Having strutted our stuff for the camera, we departed for some general handling. This revealed a much more satisfying aircraft than its common cousin, the C172. At the bottom end of the speed range, right down to the stall, the aircraft remains fully controllable with the ailerons entirely effective and producing no unmanageable adverse yaw.
The A185s have Cessna's 'camber lift' wings which improve roll control at low speeds. I also boxed the horizon at low speed, raising the nose, then yawing sideways with full rudder and wings level. I lowered the nose, then yawed back to the original heading. No vices were revealed--but this was with a fairly light loading and a forward C of G.
I tried a side-slip which was unremarkable and Jim pointed out that the 40° flap setting made side-slipping redundant on this aircraft. Stalls with and without flap were entirely straightforward.
With 300 hp up front you do need to use the rudder to balance the considerable torque, but the rudder pedal forces required are moderate and I never felt the need of the rudder trimmer. No doubt this would come in useful on a protracted climb.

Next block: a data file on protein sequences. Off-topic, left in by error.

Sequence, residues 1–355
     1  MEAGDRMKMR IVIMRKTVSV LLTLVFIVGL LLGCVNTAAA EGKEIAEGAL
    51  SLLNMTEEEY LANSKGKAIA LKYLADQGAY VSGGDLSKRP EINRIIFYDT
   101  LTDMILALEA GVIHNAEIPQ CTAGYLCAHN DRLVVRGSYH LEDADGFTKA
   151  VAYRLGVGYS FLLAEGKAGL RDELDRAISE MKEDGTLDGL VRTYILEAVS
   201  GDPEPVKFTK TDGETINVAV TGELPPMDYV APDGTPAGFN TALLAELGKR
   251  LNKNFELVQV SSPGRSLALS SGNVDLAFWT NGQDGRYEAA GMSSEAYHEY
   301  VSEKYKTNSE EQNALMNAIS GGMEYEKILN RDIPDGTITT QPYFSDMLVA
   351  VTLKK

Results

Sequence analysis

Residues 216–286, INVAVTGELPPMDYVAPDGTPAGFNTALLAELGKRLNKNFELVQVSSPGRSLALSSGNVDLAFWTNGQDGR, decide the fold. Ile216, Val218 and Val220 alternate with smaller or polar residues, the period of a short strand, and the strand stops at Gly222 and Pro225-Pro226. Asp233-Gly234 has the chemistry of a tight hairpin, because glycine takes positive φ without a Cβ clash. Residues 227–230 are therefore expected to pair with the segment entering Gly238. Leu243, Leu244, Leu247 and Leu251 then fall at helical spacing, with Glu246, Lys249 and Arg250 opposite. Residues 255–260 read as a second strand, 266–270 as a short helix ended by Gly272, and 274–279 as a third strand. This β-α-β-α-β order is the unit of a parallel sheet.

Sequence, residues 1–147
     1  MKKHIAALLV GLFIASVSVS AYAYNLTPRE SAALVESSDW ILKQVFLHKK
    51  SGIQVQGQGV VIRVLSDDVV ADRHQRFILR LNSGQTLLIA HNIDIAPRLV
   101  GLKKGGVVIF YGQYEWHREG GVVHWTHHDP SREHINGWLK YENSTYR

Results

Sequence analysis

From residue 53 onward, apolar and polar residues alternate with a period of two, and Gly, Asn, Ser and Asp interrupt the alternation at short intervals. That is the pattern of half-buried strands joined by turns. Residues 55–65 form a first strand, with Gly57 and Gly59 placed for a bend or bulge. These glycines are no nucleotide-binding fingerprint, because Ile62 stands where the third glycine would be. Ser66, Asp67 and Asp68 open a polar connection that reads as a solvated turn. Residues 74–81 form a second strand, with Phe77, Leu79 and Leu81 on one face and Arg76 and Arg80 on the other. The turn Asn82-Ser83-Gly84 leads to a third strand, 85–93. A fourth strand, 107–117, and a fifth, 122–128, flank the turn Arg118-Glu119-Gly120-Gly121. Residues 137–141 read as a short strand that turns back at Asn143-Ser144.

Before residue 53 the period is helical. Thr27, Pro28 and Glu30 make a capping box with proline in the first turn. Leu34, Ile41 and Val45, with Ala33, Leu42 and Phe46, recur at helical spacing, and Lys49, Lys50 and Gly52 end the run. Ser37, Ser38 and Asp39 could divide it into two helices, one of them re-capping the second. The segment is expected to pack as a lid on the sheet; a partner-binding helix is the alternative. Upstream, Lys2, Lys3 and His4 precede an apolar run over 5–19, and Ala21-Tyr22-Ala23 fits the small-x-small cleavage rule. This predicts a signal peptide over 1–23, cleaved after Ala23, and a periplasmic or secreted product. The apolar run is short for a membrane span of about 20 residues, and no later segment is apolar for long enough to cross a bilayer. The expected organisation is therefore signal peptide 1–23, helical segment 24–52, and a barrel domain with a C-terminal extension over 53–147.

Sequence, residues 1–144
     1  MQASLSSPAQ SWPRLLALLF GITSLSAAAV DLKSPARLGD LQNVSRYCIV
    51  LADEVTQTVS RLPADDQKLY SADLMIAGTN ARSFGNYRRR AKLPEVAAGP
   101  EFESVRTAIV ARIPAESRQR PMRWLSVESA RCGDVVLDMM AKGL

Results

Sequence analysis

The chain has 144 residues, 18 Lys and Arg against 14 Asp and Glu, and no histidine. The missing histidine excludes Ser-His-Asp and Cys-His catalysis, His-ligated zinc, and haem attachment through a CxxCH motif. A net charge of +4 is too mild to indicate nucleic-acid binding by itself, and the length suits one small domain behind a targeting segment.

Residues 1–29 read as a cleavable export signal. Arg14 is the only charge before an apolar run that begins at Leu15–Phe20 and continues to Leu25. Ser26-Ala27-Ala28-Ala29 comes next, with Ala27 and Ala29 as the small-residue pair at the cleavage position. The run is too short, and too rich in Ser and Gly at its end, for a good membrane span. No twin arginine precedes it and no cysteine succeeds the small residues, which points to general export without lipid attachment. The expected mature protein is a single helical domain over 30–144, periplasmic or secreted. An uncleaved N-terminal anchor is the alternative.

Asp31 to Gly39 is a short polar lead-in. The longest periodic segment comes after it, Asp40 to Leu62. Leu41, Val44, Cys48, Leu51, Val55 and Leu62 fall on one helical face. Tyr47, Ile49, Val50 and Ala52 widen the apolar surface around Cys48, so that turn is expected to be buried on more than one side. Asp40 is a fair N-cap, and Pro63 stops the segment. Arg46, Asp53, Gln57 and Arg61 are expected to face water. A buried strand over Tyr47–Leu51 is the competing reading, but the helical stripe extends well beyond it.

From low-speed flying at around 75 knots, we set 75 per cent power (25 inches and 2,430 rpm at 4,000 feet and 7°C) and she quickly accelerated to around 135 knots IAS which trues out at about 143 knots. Well, that is certainly going some for a utility style aircraft with fixed undercarriage--and those 300 horses combined with the constant-speed propeller turn this machine into an impressive tourer. There is, of course, a price to be paid for such speed in terms of fuel consumption and the POH gives a consumption of 16 usg per hour at this setting. However, I was reassured to realise that the TB 20 Trinidad, a much more modern tourer with a 250 hp engine and retractable gear, returns much the same consumption at a cruising speed not much higher. As with all tourers, you can reduce the consumption by flying higher and with a lower power setting. Thus 65 per cent power (20 inches and 2,550 rpm at 10,000 feet and -5°C) will give you 141 knots TAS on 13.7 usg per hour.
Good instrument platform